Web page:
Family Court’s top administrator testified Tuesday that he tried to broker a deal in December 2011 with then-District Attorney David Roger that would have allowed a prosecutor involved in a relationship with Family Court Judge Steven Jones to go back to hearing cases before the judge.
In the process, Leonard Cash criticized a Review-Journal reporter’s coverage of the Jones story, as well as Roger, who balked at the offer and refused to let the prosecutor, Lisa Willardson, go back to the district attorney’s child welfare unit.
Cash, who once served as Roger’s administrator at the district attorney’s office, also admitted that he had dated Willardson in May or June of 2011, several months before Jones began his romantic involvement with her in October.
His testimony came at the conclusion of the second day of a week-long hearing by the Nevada Commission on Judicial Discipline into allegations Jones mishandled his relationship with Willardson.
Washoe County District Judge Jerome Polaha, the commission member presiding over the hearing, appeared to have trouble understanding why Cash didn’t see that by December 2011, Jones and Willardson were deeply involved with each other.
Cash, who was called by commission attorneys, testified that a courthouse employee reported to him that she saw Jones and Willardson holding hands in the courtyard of Family Court, but he didn’t see that as evidence of a relationship.
He also testified that he didn’t see a controversial photo taken of Jones with his hand near Willardson’s knee under a table at a party on Oct. 28, 2011, as evidence of their relationship.
At the end of Cash’s testimony, Polaha asked him about the employee report and the photo, and once more Cash said he did not believe they demonstrated that Jones and Willardson were involved.
The photo was snapped with a cellphone by one of Willardson’s colleagues in the child welfare unit. Deputy District Attorney Michelle Edwards, and another deputy, Janne Hanrahan, showed the photo to their supervisors and word got back to Jones, leading to a rift between the office and Jones and to Willardson’s firing in December 2011.
Cash testified that he had meetings in early December with other high-level court officials — including Jones, Chief Family Court Judge Gloria O’Malley, Chief District Judge Jennifer Togliatti and his direct boss, Clark County Court Executive Steve Grierson — in an effort to resolve the rift that had threatened to stall child welfare cases.
Jones had put the word out that he was so outraged over the party photo that he wanted to ban Edwards, Hanrahan and their supervisors from his courtroom.
Cash testified that he pitched a plan to the court officials to try to persuade Roger to return Willardson back to her position in the child welfare unit and let his successor decide her fate after his retirement in January 2012. In return, Jones would not ban Edwards and Hanrahan from his courtroom.
Roger had shipped Willardson out of the unit after the photo was taken.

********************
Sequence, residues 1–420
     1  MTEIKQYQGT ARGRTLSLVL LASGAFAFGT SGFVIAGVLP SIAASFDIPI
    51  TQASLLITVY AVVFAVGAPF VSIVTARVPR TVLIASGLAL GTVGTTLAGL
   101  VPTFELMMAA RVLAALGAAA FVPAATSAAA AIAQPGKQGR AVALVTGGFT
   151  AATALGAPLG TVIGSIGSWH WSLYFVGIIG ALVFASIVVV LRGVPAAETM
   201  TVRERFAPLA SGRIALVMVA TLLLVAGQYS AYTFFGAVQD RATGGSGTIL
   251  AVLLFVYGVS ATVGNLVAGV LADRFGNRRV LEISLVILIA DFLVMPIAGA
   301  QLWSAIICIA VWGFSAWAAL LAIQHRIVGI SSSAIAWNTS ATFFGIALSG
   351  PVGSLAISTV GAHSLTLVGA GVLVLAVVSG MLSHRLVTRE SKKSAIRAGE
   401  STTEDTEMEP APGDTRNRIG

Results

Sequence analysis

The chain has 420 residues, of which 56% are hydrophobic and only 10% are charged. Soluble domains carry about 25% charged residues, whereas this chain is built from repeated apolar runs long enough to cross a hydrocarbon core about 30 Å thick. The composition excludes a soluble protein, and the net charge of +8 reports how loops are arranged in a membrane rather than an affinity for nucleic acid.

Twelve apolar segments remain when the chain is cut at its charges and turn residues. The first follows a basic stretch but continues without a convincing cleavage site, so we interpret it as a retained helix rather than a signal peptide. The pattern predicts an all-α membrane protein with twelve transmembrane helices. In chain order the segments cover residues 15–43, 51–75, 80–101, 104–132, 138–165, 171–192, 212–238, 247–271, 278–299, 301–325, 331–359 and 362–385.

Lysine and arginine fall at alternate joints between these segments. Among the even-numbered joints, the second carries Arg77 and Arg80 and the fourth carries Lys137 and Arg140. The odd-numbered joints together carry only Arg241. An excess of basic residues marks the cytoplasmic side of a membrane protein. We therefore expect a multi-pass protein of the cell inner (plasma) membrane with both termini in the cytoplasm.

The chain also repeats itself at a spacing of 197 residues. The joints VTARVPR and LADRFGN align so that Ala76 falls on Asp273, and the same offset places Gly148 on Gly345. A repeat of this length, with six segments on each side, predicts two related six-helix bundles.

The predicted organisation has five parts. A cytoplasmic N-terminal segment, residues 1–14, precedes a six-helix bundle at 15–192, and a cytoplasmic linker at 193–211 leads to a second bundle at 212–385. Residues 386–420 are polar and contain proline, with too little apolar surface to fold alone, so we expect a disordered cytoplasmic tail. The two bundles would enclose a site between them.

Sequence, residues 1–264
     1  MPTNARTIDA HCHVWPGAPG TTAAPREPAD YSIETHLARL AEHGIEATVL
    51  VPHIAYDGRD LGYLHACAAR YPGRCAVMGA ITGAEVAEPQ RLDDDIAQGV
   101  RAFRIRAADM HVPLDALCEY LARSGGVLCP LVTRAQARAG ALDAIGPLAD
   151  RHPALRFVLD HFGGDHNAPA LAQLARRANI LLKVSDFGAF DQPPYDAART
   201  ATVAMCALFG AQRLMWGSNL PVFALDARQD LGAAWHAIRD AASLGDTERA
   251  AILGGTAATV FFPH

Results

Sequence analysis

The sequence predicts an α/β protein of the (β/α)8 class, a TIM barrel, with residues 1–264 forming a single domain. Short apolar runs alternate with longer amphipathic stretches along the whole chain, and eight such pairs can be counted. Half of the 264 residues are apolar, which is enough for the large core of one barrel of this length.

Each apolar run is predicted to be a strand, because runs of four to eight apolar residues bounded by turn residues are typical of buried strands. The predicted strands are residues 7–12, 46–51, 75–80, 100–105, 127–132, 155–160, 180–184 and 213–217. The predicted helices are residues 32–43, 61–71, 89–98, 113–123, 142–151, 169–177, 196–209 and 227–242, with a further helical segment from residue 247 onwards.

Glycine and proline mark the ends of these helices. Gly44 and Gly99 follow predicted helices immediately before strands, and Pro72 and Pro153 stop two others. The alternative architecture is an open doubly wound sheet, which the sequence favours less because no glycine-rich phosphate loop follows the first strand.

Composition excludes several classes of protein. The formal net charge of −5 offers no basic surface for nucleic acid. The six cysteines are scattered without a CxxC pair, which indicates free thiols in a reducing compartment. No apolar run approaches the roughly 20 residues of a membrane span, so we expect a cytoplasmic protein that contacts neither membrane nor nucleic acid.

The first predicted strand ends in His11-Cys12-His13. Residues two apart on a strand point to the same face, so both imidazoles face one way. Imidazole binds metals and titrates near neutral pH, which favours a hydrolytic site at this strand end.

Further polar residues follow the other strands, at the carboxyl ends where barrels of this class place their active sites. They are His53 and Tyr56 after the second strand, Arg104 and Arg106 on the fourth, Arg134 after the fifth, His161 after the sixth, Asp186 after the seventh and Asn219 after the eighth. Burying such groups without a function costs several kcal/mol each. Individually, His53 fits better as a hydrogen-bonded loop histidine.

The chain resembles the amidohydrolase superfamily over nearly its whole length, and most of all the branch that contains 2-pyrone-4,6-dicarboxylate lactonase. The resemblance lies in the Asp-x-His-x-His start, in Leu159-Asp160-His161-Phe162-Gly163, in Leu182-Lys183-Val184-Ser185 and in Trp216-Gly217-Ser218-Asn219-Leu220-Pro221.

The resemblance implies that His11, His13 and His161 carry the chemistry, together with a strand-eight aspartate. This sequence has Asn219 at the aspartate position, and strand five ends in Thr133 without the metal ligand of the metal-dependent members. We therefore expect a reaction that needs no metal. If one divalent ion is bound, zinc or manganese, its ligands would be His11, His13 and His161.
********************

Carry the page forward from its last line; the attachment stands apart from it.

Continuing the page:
Cash said Jones had signed off on the offer and he thought he could call upon Roger “as a friend” to accept it. He also testified that he thought the allegations surrounding the relationship between Jones and Willardson were “flimsy,” and he hoped he could get a favorable ethics ruling on the subject.
But Roger refused to accept the deal, and Jones issued an order formally banning Edwards and Hanrahan from his courtroom.
Soon after, Roger fired Willardson.
When the judge’s lead lawyer, James Jimmerson, suggested on cross-examination that Roger was a “hot-head,” Cash responded, “David can be quite stubborn.”
Cash also testified under questioning from Jimmerson that he wanted to inform Grierson and Togliatti of his effort because he feared a Review-Journal reporter would get word of the possible deal and “exploit” and exaggerate it.”
“I have never seen him treat the court system well one time,” Cash told Jimmerson.
Commission attorneys expected to conclude their case against Jones Wednesday morning.
O’Malley, Togliatti and other judges are expected to be among the defense’s first witnesses. Jones and Willardson also are expected to testify.
The commission filed a 12-count complaint against Jones in December 2012, alleging Willardson “actively litigated cases” in the judge’s courtroom while the two were involved, and Jones failed to disqualify himself from those cases.
If the commission finds that Jones violated the Judicial Code of Conduct, it will hold another hearing beginning Dec. 16 to consider punishment, which could include removing the judge from the bench.
In November 2012, the commission suspended Jones with pay after he was indicted by a federal grand jury in what authorities allege was a $3 million investment fraud scheme. He has been collecting his $200,000 annual salary since then.
Contact reporter Jeff German at firstname.lastname@example.org or 702-380-8135. Follow him on Twitter @JGermanRJ.